In episode 7 of our podcast series History Books, we look at how a great war broke out in the American south-west

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 The podcast is on a book called The Wrath of Cochise by David Mort.

The book is about the disputes that led the outbreak of the Apache Wars. The Apache Wars were a series of conflicts between the United States and a number of Apache nations fought in the American Southwest from the mid-nineteenth century until the 1880s.

And as we shall soon see, a key factor in their starting was that in February 1861, the twelve-year-old son of Arizona rancher John Ward was kidnapped by Apaches. Ward followed their trail and reported the incident to patrols at Fort Buchanan, blaming a band of Chiricahuas led by the infamous warrior Cochise.

The book then tells the story of how events dramatically escalated, leading to the death of many and the destruction of parts of the states of Arizona and New Mexico. As well as the devastation of a way of life.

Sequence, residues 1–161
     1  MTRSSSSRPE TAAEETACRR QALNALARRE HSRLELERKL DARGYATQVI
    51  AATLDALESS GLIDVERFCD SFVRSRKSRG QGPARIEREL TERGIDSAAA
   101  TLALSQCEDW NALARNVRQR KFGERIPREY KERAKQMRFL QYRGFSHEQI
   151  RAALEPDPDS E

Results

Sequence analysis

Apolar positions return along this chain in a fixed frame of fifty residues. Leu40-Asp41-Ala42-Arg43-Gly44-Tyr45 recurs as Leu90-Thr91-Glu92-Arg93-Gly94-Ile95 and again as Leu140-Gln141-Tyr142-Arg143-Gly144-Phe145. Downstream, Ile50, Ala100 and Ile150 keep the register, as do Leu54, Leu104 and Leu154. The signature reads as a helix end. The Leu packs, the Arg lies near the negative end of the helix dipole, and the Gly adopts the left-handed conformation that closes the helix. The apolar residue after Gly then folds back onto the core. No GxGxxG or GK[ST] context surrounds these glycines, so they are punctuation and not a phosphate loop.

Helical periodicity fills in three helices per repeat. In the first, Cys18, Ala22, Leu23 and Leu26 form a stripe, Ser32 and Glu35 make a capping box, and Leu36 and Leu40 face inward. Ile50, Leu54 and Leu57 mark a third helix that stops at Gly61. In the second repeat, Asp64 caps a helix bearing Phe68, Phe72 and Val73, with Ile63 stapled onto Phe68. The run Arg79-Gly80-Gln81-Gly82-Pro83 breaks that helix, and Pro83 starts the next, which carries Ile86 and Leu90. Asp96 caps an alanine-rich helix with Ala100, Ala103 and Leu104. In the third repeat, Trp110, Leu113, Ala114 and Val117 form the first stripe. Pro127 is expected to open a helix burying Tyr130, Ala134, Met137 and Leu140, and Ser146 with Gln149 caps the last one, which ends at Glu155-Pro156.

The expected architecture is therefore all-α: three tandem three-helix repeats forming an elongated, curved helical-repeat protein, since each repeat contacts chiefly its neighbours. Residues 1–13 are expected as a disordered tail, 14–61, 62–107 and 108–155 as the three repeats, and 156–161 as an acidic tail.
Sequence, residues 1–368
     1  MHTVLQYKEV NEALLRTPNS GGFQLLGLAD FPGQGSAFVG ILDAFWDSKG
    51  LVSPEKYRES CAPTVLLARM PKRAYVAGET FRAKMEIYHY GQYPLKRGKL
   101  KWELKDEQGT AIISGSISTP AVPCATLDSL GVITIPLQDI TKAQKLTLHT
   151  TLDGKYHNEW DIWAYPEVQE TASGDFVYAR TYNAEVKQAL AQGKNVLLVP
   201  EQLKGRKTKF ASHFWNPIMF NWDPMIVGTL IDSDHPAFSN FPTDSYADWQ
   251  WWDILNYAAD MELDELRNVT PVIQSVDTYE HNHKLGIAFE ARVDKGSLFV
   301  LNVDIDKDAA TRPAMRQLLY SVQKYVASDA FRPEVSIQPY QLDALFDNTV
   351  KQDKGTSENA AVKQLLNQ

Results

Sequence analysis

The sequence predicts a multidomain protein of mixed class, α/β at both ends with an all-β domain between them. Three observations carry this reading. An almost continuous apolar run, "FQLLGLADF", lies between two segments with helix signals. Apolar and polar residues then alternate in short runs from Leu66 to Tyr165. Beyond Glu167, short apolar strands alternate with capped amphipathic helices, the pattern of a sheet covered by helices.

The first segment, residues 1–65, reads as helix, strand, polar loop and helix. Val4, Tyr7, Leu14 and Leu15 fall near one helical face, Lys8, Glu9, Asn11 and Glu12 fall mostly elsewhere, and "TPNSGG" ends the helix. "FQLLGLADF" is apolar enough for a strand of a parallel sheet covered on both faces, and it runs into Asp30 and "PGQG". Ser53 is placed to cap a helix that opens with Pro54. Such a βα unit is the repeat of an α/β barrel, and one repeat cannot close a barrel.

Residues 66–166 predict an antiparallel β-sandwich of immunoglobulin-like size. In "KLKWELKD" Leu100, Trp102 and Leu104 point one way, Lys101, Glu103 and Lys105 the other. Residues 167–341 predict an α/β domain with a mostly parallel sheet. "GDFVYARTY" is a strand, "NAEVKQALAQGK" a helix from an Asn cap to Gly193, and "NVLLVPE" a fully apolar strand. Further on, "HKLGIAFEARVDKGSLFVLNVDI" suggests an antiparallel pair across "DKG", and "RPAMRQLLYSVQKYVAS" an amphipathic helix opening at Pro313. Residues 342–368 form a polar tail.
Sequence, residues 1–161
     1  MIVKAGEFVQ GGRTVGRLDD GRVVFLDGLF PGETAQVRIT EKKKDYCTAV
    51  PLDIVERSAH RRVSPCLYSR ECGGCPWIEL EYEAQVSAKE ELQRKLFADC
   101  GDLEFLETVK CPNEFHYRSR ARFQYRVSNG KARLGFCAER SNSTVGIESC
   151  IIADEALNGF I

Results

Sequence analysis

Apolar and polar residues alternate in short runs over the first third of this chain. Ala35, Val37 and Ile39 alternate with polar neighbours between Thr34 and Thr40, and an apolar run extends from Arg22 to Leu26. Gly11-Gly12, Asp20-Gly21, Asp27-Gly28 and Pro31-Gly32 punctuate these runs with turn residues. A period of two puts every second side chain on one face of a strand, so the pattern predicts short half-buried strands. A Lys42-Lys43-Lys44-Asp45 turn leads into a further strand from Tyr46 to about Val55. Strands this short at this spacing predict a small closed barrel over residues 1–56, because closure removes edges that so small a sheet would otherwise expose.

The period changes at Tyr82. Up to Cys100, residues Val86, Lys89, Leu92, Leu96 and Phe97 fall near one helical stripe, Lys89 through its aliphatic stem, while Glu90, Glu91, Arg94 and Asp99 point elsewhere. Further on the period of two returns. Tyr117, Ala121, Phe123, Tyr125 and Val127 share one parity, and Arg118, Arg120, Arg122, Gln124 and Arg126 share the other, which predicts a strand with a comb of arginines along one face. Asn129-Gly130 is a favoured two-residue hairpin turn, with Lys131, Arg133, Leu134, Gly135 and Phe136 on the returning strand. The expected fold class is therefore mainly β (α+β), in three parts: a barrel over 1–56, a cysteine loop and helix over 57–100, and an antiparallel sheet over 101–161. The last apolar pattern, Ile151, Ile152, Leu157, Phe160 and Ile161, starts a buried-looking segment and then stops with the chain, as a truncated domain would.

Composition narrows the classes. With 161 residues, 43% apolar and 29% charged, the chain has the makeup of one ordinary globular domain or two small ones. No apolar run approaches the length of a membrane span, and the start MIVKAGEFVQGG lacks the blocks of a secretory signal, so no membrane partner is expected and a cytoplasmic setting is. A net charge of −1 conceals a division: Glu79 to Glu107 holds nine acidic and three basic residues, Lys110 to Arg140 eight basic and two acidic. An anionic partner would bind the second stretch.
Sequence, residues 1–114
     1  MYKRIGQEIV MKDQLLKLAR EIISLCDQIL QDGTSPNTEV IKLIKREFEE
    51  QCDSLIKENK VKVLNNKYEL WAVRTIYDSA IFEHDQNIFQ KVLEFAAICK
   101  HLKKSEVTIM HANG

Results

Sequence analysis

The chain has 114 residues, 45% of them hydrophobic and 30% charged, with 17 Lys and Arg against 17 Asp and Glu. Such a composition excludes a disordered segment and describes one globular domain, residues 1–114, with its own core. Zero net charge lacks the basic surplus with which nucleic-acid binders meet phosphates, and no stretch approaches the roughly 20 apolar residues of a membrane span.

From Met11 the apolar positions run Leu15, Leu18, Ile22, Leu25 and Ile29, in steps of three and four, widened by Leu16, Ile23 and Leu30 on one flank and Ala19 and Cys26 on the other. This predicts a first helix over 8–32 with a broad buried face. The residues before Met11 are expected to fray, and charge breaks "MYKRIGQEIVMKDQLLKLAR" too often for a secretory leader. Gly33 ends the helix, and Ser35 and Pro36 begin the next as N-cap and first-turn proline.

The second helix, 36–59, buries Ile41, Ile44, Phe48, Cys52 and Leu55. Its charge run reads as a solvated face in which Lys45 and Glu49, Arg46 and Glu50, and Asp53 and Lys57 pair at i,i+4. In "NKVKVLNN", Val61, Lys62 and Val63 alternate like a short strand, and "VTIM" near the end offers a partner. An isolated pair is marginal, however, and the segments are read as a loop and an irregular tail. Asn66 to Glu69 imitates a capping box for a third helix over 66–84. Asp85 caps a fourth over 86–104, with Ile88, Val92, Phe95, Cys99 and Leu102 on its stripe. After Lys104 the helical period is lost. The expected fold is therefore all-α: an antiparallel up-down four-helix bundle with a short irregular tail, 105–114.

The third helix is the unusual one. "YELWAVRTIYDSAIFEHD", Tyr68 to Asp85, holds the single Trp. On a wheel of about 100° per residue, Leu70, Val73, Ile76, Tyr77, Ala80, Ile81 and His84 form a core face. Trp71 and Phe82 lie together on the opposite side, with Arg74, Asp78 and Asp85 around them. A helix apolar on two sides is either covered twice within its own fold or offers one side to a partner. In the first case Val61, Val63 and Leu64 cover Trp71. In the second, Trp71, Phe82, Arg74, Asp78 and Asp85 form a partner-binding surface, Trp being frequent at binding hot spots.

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If you enjoy the podcast, you can purchase the book here: Amazon US | Amazon UK

Take care,

George Levrier-Jones

 

email: info@itshistorypodcasts.com

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In episode 6 of our podcast series History Books, we look at a terrible crime in 1850s London.

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 The podcast is on a book called The Secret Life of Celestina Sommer – Victorian Child Killer by David J. Vaughan.

Celestina Sommer had a tragic upbringing. Pregnant at seventeen, with no support and little more compassion, she relinquished her infant to the baby-farmers. Eleven years on and married, she endured not only vilification but domestic abuse - the man she trusted turning on her with misogynistic cruelty endorsed by a society turning its blind, masculine eye.